Beginning in 2011, the KF-16 was granted a mid-life upgrade which, when completed, will bring the series to an updated standard worthy of the modern battlefield. Primary changes will include integration of an AESA (Active Electronically Scanned Array) radar suite. The weapons and avionics software will see a revision as well which will broaden armament options and improve intra-unit communications.

Beyond the KF-16, Korean Aerospace Industries manufactures (or has manufactured) the KT-1 basic trainer, the T-50 advanced trainer, the F-15K Eagle and P-3CK maritime patrol platform.

In January of 2014, a deal between BAe Systems and South Korea was announced to upgrade some 134 KF-16 fighters. This will include installation new Raytheon Active, Electronically-Scanned Array (AESA) radar systems, all new cockpit display panels and new mission computers. The program is expected to begin sometime in 2014 and take place near Fort Worth, Texas.

In November of 2014, the South Korean government cancelled its initiative to upgrade its fleet of 134 KF-16s with the Raytheon package. A new proposal is underway to fit a Northrop Grumman APG-83 AESA system through Lockheed Martin.

November 2016: South Korea has green-lighted an upgrade program covering 134 KF-16 aircraft to the F-16V "Viper" standard. Lockheed is set to handle the conversions.




KAI KF-16 Fighting Falcon Specifications



Service Year: 1991
Status: Active, In-Service
Type: 4th Generation Multirole Fighter Aircraft
National Origin: South Korea
Manufacturer(s): Korean Aerospace Industries (KAI) - South Korea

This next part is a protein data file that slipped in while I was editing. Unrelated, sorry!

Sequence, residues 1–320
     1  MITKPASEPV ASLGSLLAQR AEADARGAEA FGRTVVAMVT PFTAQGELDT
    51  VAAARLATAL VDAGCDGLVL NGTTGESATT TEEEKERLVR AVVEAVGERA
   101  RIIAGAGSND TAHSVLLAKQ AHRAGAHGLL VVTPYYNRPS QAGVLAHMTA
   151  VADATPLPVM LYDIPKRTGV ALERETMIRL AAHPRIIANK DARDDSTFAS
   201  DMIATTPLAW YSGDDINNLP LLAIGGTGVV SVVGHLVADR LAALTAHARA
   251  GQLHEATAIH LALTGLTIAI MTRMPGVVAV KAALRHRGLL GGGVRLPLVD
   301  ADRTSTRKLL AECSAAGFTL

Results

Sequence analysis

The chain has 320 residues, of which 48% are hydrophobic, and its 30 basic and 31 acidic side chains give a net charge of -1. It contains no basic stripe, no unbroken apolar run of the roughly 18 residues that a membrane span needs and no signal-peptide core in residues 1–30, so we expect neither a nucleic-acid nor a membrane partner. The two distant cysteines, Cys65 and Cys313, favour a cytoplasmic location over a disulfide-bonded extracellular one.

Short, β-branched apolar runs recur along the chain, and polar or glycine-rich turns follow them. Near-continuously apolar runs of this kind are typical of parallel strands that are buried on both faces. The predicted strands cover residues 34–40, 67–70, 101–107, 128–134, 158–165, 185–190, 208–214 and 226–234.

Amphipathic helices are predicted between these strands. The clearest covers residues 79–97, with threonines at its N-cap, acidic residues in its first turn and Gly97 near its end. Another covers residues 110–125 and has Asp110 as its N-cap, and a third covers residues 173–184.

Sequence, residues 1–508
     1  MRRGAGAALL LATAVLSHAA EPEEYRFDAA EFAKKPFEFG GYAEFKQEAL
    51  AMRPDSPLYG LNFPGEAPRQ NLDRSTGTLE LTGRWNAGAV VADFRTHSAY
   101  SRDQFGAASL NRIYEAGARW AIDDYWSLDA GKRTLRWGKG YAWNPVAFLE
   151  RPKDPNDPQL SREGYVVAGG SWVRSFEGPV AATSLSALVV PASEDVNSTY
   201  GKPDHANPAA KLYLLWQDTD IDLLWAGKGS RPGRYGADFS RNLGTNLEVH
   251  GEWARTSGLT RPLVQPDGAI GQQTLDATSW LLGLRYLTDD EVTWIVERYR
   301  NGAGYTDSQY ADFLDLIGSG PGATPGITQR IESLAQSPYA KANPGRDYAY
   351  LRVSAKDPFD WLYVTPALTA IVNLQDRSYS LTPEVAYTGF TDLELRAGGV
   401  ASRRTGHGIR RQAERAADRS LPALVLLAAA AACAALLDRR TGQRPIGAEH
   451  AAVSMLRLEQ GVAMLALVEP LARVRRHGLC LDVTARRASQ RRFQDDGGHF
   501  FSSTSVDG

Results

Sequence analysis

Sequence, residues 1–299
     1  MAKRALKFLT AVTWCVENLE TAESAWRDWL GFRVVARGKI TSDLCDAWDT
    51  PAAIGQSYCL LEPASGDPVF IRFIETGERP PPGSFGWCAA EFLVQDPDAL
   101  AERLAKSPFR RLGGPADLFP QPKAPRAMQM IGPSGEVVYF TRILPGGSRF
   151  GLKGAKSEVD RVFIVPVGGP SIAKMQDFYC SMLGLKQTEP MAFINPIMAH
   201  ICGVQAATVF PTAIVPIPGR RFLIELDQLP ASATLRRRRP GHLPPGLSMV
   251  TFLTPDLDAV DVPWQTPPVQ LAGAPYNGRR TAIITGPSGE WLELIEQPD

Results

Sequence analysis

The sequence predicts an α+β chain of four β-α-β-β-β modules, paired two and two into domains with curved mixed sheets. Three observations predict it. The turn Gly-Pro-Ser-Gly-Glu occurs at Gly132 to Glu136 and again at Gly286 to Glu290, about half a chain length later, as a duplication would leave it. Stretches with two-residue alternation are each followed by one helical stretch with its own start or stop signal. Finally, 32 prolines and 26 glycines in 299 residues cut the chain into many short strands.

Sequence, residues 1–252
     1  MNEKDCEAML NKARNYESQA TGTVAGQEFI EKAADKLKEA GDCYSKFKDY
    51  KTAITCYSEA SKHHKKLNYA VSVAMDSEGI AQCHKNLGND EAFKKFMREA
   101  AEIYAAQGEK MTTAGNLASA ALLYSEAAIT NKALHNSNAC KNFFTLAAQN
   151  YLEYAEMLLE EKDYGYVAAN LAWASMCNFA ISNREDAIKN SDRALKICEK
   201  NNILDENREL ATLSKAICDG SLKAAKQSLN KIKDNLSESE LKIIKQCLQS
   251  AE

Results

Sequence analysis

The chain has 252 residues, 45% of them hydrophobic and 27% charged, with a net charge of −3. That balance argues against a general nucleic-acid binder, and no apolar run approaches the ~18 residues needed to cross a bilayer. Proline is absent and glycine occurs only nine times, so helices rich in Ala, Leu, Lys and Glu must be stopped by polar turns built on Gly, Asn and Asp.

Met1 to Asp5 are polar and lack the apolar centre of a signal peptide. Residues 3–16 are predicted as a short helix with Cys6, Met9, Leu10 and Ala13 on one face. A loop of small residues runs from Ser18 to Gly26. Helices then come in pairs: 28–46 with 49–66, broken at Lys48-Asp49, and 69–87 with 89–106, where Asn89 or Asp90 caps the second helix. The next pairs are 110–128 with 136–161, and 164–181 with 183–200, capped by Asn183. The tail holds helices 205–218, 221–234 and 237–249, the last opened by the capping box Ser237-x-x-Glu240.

Total Production: 140


Structural (Crew, Dimensions, Weights)



Operating Crew (Typical): 1
Overall Length: 49.21 feet (15 meters)
Overall Width: 32.48 feet (9.90 meters)
Overall Height: 15.75 feet (4.80 meters)

Weight (Empty): 18,739 lb (8,500 kg)
Weight (MTOW): 41,888 lb (19,000 kg)

Power / Performance (Engine Type, Top Speed)



Engine: 1 x Pratt & Whitney F100-PW-229 afterburning turbofan engine.

Maximum Speed: 756 knots (870 mph; 1,400 kph)
Maximum Range: 2,268 nautical miles (2,610 miles; 4,200 km)
Service Ceiling: 50,033 feet (15,250 meters; 9.48 miles)
Rate-of-Climb: 50,000 feet-per-minute (15,240 m/min)

Armament / Mission Payload



STANDARD:
1 x 20mm M61 Vulcan six-barreled internal cannon
2 x AIM-9 Sidewinder short-ranged air-to-air missiles (or equivalent) on wingtip hardpoints.

OPTIONAL:
Guided/homing air-to-air/air-to-surface missiles, rocket pods, cruise missiles, precision bombs, conventional drop bombs, specialized mission equipment and jettisonable fuel tanks.

Global Operators (Customers, Users)



South Korea

Model Variants



KF-16 - Base Series Designation


Images Gallery



VIEW
VIEW